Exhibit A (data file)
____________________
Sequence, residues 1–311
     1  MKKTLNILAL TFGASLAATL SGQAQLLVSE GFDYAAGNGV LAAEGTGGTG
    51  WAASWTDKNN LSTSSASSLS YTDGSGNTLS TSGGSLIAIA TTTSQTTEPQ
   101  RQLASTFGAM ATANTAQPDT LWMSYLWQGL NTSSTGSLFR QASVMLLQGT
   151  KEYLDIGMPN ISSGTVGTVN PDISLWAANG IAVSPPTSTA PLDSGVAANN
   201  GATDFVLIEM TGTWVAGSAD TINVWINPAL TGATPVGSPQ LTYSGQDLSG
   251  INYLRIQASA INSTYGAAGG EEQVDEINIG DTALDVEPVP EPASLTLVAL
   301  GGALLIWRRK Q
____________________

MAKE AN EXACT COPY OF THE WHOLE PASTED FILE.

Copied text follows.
Sequence, residues 1–311
     1  MKKTLNILAL TFGASLAATL SGQAQLLVSE GFDYAAGNGV LAAEGTGGTG
    51  WAASWTDKNN LSTSSASSLS YTDGSGNTLS TSGGSLIAIA TTTSQTTEPQ
   101  RQLASTFGAM ATANTAQPDT LWMSYLWQGL NTSSTGSLFR QASVMLLQGT
   151  KEYLDIGMPN ISSGTVGTVN PDISLWAANG IAVSPPTSTA PLDSGVAANN
   201  GATDFVLIEM TGTWVAGSAD TINVWINPAL TGATPVGSPQ LTYSGQDLSG
   251  INYLRIQASA INSTYGAAGG EEQVDEINIG DTALDVEPVP EPASLTLVAL
   301  GGALLIWRRK Q